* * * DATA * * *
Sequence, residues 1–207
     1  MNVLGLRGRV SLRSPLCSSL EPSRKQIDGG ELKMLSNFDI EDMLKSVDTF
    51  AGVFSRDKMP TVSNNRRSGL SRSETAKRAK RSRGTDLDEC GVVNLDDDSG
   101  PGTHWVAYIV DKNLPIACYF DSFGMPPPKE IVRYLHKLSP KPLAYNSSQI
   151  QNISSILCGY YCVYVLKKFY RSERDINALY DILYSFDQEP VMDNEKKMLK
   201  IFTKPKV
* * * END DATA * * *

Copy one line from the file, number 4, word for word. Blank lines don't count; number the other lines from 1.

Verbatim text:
   101  PGTHWVAYIV DKNLPIACYF DSFGMPPPKE IVRYLHKLSP KPLAYNSSQI